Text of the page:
The booming area of fintech has a decidedly lacking curriculum in higher education, students say, as they push business schools in America to offer more courses focused on the emerging space.
Because the financial technology sector remains in flux, it has been difficult for colleges to develop curriculums devoted to fintech, but student demand has driven the push for more courses according to Reuters. Accordingly, the business schools of Stanford and Georgetown universities both plan to offer fintech courses for MBA students for the first time starting this fall.
They will join the business schools of New York University and Columbia University, as well as the University of Pennsylvania’s Wharton School, and the Massachusetts Institute of Technology’s Sloan School of Management. NYU also plans to expand with a new fintech course for undergraduates, after seeing more than twice as many enrollments as expected.
Some of the areas of focus include a blockchain course at MIT, and a class on financial inclusion at Stanford. There’s even a student FinTech Club at Wharton that boasts 260 members.
Reena Aggarwal, director of the Georgetown Center for Financial Markets and Policy, told Reuters that business and finance students today are more focused on innovation in their industry, rather than investment banking or trading. Their interests are driven in part by services like Venmo, a person-to-person payment service which originally caught on with millennials on college campuses.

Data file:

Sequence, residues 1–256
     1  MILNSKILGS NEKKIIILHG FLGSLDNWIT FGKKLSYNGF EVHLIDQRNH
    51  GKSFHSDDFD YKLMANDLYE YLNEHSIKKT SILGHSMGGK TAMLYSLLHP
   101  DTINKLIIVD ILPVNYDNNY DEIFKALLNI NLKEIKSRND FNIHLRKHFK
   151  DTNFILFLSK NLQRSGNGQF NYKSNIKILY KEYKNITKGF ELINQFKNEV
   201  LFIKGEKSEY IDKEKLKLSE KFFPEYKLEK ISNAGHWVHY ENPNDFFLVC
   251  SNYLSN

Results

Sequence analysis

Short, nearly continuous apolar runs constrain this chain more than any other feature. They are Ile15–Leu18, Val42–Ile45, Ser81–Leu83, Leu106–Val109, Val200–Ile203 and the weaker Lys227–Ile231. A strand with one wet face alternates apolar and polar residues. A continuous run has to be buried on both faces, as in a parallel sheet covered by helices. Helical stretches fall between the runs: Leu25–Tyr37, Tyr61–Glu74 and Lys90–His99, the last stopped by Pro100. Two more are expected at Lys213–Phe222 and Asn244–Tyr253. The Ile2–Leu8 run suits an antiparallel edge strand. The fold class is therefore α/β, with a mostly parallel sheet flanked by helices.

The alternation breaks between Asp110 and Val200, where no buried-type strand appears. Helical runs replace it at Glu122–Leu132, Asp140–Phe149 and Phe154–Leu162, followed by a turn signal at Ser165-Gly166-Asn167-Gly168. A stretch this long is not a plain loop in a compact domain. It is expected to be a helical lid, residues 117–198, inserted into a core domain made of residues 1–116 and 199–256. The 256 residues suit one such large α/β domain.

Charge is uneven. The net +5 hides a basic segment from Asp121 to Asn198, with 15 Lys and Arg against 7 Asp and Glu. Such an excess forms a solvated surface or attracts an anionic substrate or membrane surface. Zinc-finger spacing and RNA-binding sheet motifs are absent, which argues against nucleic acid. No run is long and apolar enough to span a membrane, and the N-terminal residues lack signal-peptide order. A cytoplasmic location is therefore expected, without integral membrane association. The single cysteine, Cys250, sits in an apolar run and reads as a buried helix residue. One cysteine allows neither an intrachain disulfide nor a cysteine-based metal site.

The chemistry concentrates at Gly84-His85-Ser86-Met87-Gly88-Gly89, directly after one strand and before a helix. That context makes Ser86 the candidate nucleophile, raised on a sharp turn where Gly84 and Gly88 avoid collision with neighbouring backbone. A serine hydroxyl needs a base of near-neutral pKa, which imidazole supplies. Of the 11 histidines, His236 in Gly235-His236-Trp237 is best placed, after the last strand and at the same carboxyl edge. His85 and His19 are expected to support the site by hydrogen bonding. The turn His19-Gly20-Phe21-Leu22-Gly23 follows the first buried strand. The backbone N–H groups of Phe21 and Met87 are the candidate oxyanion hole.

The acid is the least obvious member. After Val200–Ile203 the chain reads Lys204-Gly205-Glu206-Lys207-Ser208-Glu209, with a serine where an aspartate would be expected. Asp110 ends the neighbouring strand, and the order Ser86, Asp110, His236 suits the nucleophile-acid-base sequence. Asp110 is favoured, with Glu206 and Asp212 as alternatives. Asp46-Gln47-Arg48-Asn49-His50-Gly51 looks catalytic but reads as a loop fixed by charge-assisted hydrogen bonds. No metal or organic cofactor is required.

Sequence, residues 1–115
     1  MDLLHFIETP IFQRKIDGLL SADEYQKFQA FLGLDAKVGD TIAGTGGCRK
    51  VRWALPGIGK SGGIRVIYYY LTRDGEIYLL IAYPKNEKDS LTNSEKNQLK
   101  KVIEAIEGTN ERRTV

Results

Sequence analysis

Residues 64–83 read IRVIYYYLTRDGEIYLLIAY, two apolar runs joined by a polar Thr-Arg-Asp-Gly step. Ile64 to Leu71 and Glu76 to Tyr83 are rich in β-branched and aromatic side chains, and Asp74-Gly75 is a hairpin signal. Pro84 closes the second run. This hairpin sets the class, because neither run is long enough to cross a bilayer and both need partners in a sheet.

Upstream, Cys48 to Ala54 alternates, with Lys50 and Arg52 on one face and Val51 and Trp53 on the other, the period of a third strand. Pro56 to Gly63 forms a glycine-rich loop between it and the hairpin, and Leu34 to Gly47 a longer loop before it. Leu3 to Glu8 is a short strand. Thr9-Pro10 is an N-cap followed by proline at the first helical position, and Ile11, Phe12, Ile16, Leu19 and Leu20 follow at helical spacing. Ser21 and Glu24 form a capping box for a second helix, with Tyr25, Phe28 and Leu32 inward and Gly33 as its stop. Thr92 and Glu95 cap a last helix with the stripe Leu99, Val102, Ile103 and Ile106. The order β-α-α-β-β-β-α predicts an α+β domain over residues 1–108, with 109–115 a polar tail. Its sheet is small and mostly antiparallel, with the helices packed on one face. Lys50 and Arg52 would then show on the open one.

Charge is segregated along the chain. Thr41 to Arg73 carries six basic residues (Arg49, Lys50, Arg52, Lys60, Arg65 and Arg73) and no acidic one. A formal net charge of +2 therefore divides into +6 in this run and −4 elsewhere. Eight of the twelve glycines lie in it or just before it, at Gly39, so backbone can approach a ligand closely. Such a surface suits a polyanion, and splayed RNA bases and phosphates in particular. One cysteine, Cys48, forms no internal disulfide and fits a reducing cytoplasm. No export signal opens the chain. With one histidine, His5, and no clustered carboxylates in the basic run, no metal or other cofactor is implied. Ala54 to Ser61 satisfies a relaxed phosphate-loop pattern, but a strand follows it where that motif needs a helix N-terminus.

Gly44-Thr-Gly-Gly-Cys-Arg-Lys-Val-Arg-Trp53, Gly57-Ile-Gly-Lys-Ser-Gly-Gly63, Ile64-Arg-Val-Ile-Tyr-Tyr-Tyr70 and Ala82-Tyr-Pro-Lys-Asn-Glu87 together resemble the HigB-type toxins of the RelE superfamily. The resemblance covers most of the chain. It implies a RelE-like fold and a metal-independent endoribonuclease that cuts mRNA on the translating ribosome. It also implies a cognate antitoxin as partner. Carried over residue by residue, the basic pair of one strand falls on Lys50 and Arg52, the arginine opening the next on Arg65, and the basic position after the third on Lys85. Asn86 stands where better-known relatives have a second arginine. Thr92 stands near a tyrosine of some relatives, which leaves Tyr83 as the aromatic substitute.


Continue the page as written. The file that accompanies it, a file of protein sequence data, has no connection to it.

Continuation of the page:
Schools are left developing their own curriculums because there is no precedent for how to teach a course on fintech, or even where the industry is going. Not only is the definition shifting, but so are the applications, with the emerging regtech space looking to shake up the regulation side of the financial industry.
Ryan Zagone, director of regulatory communications at cross-border payment network Ripple, told One World Identity’s State of Identity podcast in April that he sees fintech, regtech, and financial institutions all coming together to find common ground. In his view, it could turn into an industrywide shakeup that could ultimately benefit consumers, especially those who are currently underbanked.
With expectations of major changes to come in the financial space, it is perhaps no surprise that the next generation of graduates want to get in on the ground floor, affect industry change, and be up to speed on where the market is heading next.
“I expect that people see this convergence of of regtech, fintech, and financial institutions themselves all coming together to leverage the core competencies of all these different players,” Ripple said. “It’s really a partnership.”